Assassin's Creed always felt like a rough diamond. It had an interesting storyline, a spectacular game engine and a massive sandbox to play in, yet it was ultimately just a tad repetitive. For the sequel, UbiSoft has kept the engine and most of the basic elements of the sandbox-style gameplay intact and concentrated on stealth aspec 2172 ts of the formula, more varied gameplay and on the actual story. Yes, in Assassin's Creed 2 you will still ultimately end up stabbing a bunch of people, but that is just a small part of it all. Oh, and the PC version comes with a brand new form of DRM...
Animus 2.0 allows Desmond and the Assassins to explore the past by reliving memories embedded in the DNA.
The story so far? You still play as Desmond Miles, a present-day descendant of a long line of assassins, captured by Abstergo Industries, the modern day front for Templars. In the first game, Desmond was captured and forced to live the memories of Altar, his ancestor, seeking information about a "Piece of Eden" from memories encoded in his DNA while Altair worked his way to redeem his status as an assassin in the late 12th century Holy Land. Eventually Abstergo got what they wanted out of the memory sequences and dispatched a team to recover the "Piece of Eden" in the present day, ending the game in a cliffhanger, with Desmond still a prisoner.
The sequel starts off right where the first part ended and anyone who hasn't played through the first game will probably be a bit confused early on. Lucy Stillman, a modern-day assassin who had infiltrated Abstergo staff as a technician returns and helps Desmond to escape from the Abstergo facility, explaining that the Assassin order of the present day needs his help. Desmond may have experienced the key moments of Altair's life and may have a fine line of ancestors, but he's not yet a trained assassin. With Animus technology, this is not a problem - Lucy takes Desmond to a hideout equipped with an upgraded Animus device and the plan is for Desmond to explore the memories of another assassin ancestor in order to learn the skills through the "Bleeding Effect" of the Animus. Enter our new hero, Ezio Auditore da Firenze, an assassin.
Desmond quickly dives into the life of Ezio, starting the journey from Florence, Italy in 1476. The story of Assassin's Creed II is very much the story of Ezio Auditore, following his long career as he plots to revenge the hanging of his father and two brothers. Like Desmond, Ezio is initially unaware of the fact that his father was an assassin and the early part of the story concentrates on Ezio learning about his ancestry and the skills an assassin needs. Numerous real historical figures show up along the way, notably Leonardo Da Vinci, Caterina Sforza, Niccolo Machiavelli, Lorenzo De Medici and Rodrigo Borgia - better known as Pope Alexander VI. As with the first game, minute historical details have been bent to fit the characters into the story. Real historical events are also tied in, with The Pazzi Conspiracy used as major part of the storyline early on. The mixture of real history and a fictional story is even stronger than in the first game and the detailed storyline is what sets Assassin's Creed II apart from the first game.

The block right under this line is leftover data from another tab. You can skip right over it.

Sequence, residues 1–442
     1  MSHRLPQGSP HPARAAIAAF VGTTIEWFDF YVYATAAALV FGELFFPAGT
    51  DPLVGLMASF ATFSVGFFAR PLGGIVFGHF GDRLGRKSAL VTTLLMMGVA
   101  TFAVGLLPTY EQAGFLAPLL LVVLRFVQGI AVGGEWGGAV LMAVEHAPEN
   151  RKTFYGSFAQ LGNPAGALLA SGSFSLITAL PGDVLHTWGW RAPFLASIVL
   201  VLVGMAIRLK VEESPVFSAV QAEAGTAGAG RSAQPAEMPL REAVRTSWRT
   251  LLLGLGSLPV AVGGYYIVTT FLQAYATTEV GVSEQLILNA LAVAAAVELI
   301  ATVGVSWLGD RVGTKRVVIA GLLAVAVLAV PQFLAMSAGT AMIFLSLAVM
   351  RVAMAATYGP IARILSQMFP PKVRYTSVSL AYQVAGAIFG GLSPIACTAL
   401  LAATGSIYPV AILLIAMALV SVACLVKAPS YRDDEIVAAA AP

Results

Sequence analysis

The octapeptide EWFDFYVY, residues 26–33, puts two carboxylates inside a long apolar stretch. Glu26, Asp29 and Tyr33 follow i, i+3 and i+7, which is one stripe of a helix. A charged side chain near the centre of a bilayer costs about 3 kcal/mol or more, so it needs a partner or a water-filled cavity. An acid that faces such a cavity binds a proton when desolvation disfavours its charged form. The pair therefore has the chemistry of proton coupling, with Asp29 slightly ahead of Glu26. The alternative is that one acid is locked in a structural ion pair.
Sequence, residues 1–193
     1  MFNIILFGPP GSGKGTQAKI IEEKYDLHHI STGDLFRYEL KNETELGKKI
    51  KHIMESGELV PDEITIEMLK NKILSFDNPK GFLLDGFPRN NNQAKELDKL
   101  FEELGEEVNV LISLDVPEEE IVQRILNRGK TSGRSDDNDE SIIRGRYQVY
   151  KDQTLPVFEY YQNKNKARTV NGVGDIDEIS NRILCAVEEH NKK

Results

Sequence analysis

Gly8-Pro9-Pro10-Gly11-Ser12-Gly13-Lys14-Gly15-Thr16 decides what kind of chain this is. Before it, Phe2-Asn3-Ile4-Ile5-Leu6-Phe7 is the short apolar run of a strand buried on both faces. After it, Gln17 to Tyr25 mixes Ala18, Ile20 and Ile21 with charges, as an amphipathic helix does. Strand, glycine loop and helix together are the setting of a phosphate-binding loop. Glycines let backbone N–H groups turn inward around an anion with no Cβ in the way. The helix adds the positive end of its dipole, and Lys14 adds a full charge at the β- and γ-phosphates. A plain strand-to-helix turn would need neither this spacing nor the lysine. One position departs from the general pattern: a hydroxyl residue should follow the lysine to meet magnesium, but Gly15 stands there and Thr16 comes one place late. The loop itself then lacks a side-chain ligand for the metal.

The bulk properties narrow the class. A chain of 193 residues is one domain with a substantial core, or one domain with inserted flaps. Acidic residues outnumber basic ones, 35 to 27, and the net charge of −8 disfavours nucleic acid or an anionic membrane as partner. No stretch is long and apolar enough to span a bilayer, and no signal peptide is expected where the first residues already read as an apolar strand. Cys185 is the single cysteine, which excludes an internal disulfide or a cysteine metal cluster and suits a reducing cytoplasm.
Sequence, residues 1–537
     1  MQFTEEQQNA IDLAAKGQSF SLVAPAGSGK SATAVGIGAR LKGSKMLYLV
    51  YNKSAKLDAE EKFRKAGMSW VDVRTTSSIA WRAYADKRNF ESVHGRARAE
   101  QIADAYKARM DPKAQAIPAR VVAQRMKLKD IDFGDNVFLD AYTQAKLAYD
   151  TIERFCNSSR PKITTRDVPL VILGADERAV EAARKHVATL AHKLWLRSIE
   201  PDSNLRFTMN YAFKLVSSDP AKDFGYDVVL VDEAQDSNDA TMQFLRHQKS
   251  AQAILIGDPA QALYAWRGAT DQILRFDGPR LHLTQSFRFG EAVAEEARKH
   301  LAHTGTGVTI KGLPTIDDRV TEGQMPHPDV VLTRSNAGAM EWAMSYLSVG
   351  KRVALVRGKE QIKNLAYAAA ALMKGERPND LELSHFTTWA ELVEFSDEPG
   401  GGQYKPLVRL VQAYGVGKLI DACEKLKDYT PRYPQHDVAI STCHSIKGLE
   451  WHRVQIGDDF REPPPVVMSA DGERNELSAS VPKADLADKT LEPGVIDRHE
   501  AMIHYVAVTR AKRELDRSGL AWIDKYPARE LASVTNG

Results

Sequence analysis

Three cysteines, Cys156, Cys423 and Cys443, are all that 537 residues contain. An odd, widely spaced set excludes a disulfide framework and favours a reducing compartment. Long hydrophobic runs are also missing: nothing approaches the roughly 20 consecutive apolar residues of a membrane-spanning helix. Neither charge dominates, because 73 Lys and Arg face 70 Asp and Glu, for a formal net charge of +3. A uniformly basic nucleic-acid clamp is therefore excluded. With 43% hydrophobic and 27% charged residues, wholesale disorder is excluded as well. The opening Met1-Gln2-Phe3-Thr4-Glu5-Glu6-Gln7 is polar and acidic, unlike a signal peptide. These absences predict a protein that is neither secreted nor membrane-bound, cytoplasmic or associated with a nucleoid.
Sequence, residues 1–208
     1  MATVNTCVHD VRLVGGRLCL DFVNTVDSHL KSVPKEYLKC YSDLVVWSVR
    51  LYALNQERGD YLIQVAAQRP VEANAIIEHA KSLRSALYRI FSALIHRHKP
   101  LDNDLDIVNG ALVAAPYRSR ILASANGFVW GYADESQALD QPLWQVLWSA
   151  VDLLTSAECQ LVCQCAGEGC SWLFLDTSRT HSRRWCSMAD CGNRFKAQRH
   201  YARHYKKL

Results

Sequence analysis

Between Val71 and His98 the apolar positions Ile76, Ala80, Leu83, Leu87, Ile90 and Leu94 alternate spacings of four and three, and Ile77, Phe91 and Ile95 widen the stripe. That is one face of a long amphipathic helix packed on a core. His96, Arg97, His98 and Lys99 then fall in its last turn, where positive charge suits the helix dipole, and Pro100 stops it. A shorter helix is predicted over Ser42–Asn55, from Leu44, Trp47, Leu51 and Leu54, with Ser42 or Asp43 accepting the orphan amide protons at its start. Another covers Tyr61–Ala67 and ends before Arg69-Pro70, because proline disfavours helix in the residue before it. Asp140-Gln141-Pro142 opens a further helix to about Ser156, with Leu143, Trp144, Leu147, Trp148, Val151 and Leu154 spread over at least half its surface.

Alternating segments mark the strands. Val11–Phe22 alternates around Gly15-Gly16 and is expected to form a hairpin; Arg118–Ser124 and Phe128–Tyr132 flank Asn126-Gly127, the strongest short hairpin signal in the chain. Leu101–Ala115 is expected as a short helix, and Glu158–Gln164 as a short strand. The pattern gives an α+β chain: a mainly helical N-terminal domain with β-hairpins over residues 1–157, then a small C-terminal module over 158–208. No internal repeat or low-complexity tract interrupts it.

In the first game, you were pretty much sent to stab a bunch of people while learning about the order of Assassins and the actual big picture emerged only at the very end. The sequel merges everything much more closely with real historical figures, events and places and mixes it all with a pretty impressive thread of conspiracy that has apparently been going on for hundreds of years. Sure, it ain't a historical documentary but all the real historical figures, locations and events serve an important purpose, reinforcing the illusion of a "what if?" historical scenario.
The story takes you around Renaissance Italy with sections in Florence, San Gimignano, Forli and Venice, just to name a few. Each major area is also dotted with historic landmarks that are easily recognizable, further immersing you to the locales and wide open areas offer a fresh change of scenery when compared to your average action adventure game that forces you to slug through a predetermined path as if on rails. Yes, the storyline still demands you to visit specific places and perform specific tasks, but the play areas give you plenty of freedom to improvise.
Out-of-Animus parts are kept to a minimum - the events still all tie to the present day "real world" and Desmond, but the action in Renaissance Italy is interrupted only on very special occasions, unlike in the first game where you were constantly taking breaks between separate memories. This improves the flow of action considerably.
Games: Assassins Creed II
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